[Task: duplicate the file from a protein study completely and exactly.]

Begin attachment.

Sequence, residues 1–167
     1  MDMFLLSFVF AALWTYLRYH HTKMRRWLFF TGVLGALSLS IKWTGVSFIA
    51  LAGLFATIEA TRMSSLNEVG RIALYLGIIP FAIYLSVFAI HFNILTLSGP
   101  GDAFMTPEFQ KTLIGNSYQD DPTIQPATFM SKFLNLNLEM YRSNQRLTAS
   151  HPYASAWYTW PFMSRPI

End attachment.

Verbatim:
Sequence, residues 1–167
     1  MDMFLLSFVF AALWTYLRYH HTKMRRWLFF TGVLGALSLS IKWTGVSFIA
    51  LAGLFATIEA TRMSSLNEVG RIALYLGIIP FAIYLSVFAI HFNILTLSGP
   101  GDAFMTPEFQ KTLIGNSYQD DPTIQPATFM SKFLNLNLEM YRSNQRLTAS
   151  HPYASAWYTW PFMSRPI